In 1940 while in government service, she became vice president of the NAACP, an office she would continue to occupy until her death in 1955. She was responsible for overseeing the integration of the Women’s Army Corps in 1942, and in 1945 under President Truman, was appointed as the only Black woman to be present at the founding of the United Nations. She was also a successful businesswoman in the hospitality and insurance industries. In addition to her legacy in education, McLeod Bethune actively campaigned for civil rights and fought to end discrimination and lynching. 

As a Methodist leader, she was a lay delegate to General Conference four times, advocating for the elimination of the segregated Central Jurisdiction.

Following her death in 1955, she has continued to be remembered in some of the following ways:
 
  • In 1974, she became the first black woman to be honored by a public sculpture within the District of Columbia.
  • In 1985 the US Postal Service issued a postage stamp in her honor.
  • In 2008, the South Carolina Department of Transportation Enhancement Program opened the Mary Bethune Nature Trail in Maysville.
  • In 2013, the state of South Carolina unveiled a license plate featuring her image.
  • Her Washington DC home is a National Historic site and her final home in Daytona Beach, FL is a national historic landmark.
 
The character of this remarkable woman is best reflected however in these words from her last will & testament:

I leave you love.  I leave you hope.  I leave you the challenge of developing confidence in one another.  I leave you a thirst for education.  I leave you a respect of the use of power.  I leave you faith.  I leave you racial dignity.  I leave you a desire to live harmoniously with your fellow man.  I leave you a responsibility to our young people.

 
COFFEE CART PRODUCTS ON SALE!
 
Because we haven’t been able to worship in person due to the pandemic, Coffee Cart sales have been greatly diminished.  As a result, many of the products have passed the “Best By” date.  So we will be offering them at a  discount while they last.  Here are some of the bargains: Green Tea: $2.50; Almonds: $6.50; Olive Oil: $10.00; Candy Bars (all flavors) $2.00.  To take advantage of the sale, please contact Lisa Karen (OfficeManager@DMFirstChurch.org or 515-244-6209) and arrange a time when you can pick up your order at the Church.  Office hours are Monday through Friday from 7:30 AM to 12:30 PM.
 
Mental Health Clinic
 

Many people are experiencing changes in their mental wellness-to-illness continuum.

If you're experiencing a mental health crisis, 
UnityPoint Health – Behavioral Health Urgent Care is open Monday through Thursday, 9 a.m. to 7 p.m. and Friday from 9 a.m. to 5 p.m. and is located at 1250 East 9th Street in Des Moines.  (515) 263-2632

This is a walk-in clinic for adults and/or children, staffed with professionals to determine if the feelings are a temporary situational effect or of clinical concern. Either way, they can suggest resources and/or referrals to help.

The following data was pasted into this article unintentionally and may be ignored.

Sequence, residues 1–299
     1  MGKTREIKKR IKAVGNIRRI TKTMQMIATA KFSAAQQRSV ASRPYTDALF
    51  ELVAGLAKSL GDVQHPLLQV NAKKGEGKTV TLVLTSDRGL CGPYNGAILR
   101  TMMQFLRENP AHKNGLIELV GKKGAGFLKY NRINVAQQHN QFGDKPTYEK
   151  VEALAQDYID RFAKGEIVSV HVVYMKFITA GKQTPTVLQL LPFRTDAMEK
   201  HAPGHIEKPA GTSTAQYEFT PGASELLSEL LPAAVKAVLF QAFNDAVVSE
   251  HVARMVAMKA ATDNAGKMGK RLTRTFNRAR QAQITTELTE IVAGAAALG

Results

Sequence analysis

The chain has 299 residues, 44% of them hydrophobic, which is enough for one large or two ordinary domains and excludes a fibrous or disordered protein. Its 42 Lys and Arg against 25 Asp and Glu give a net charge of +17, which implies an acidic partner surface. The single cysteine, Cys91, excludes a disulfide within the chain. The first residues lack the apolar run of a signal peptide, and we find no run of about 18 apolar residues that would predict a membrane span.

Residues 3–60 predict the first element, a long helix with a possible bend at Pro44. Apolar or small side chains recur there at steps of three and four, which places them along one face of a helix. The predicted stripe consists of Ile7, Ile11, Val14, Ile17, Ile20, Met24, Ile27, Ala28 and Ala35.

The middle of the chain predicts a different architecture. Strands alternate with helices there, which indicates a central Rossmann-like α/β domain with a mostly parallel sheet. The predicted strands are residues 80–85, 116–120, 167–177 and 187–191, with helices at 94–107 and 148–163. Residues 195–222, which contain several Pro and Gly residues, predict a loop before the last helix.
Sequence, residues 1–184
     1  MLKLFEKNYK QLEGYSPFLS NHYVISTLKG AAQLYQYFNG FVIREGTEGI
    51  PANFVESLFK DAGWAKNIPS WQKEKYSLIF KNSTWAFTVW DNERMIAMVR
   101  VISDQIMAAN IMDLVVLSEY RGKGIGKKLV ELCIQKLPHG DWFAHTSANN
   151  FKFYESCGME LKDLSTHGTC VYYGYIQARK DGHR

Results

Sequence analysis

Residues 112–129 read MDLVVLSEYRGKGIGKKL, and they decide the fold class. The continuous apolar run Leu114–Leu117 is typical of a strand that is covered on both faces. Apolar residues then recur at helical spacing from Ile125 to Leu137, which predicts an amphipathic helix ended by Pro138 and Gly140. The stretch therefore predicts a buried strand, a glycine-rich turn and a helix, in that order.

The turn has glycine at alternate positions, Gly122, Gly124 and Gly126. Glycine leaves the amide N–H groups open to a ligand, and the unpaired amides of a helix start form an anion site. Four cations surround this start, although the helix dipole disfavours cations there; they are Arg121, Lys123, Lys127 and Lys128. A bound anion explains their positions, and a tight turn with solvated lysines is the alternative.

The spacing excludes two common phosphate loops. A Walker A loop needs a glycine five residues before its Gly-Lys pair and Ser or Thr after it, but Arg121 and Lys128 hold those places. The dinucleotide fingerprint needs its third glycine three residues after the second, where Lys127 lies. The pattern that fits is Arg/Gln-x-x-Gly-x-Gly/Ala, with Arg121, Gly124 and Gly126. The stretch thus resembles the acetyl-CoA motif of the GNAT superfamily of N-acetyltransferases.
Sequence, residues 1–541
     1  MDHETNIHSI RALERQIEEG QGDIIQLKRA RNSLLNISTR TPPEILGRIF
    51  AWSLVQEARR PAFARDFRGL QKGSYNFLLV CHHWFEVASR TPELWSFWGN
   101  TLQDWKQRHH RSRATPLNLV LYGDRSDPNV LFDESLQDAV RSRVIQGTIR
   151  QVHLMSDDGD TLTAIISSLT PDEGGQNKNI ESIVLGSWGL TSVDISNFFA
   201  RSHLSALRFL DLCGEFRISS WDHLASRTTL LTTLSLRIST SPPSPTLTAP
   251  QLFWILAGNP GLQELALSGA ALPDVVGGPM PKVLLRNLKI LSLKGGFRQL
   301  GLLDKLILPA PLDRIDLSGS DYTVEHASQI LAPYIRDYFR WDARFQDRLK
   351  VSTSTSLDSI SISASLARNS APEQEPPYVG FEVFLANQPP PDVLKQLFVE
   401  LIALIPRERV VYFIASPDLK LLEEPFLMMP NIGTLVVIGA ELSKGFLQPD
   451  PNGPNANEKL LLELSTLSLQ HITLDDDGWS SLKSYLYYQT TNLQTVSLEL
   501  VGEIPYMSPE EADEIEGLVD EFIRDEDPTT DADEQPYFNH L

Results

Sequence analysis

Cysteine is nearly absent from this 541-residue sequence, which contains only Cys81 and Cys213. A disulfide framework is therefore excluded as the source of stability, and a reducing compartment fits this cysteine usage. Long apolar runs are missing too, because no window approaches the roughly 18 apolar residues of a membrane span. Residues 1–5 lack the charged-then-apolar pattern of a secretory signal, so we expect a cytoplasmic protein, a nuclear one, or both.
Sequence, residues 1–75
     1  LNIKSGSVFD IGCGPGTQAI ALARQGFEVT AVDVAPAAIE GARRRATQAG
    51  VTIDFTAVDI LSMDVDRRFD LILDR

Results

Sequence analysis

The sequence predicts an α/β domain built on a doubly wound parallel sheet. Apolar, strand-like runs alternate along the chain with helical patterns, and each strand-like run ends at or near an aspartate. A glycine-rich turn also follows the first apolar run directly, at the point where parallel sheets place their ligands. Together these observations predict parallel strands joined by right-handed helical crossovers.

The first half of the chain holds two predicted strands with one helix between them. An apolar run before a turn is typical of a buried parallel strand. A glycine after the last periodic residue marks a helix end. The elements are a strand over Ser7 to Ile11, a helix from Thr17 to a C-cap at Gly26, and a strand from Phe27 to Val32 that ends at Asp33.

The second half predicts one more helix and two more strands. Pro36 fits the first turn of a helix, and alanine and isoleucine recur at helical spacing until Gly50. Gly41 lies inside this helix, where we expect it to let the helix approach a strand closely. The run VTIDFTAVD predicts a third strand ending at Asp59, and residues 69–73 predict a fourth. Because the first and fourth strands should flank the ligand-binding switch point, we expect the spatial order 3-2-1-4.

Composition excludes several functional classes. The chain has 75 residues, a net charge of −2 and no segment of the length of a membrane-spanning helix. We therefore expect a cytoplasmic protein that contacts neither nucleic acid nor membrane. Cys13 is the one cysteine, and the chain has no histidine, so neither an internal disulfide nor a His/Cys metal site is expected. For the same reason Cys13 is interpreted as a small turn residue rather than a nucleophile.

Did you know that you can now give online? Go to the church website www.dmfirstchurch.org. On the left hand side of the page you will see online giving. Click there and you will be directed to the giving page. If you would rather, please feel free to mail your weekly check to the church. The address is 1001 Pleasant St. Des Moines, IA 50309. Thank you!



Caregivers at Unity Point can use some encouragement as they prepare for what might be coming. If you would like to offer a word of encouragement, click link here:

https://www.unitypoint.org/desmoines/thank-you-caregivers.aspx

Worship ~ We Welcome Everyone
 
First United Methodist Church, at the top of 10th Street in downtown Des Moines, strives to love others as Christ loves us and, in doing so, to be the Body of Christ in word and deed.
 
As the Body of Christ, we welcome all of God’s children, knowing that each is created in the image of God. We welcome people of all gender identities, sexual orientations, ages, races, ethnicities, family configurations, and physical and mental capabilities to join us in full participation as we come together to worship God and then go out to share God’s love in the world around us.

Check out our Website:
 DMFirstChurch.org

Please "like" us on 
facebook.com/dsmFirstChurch


Follow us on YouTube:
DSM First Church UMC

 

Click above for the most recent issue of the LIGHT.

LIGHT Articles are due by the 20th of each month.


Click here for the
church calendar!
WWW.DMFirstChurch.org

Our mailing address is:

First United Methodist Church
1001 Pleasant Street
Des Moines, IA  50309
(515) 244-6209

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Des Moines First United Methodist Church · 1001 Pleasant St · Des Moines, IA 50309-2611 · USA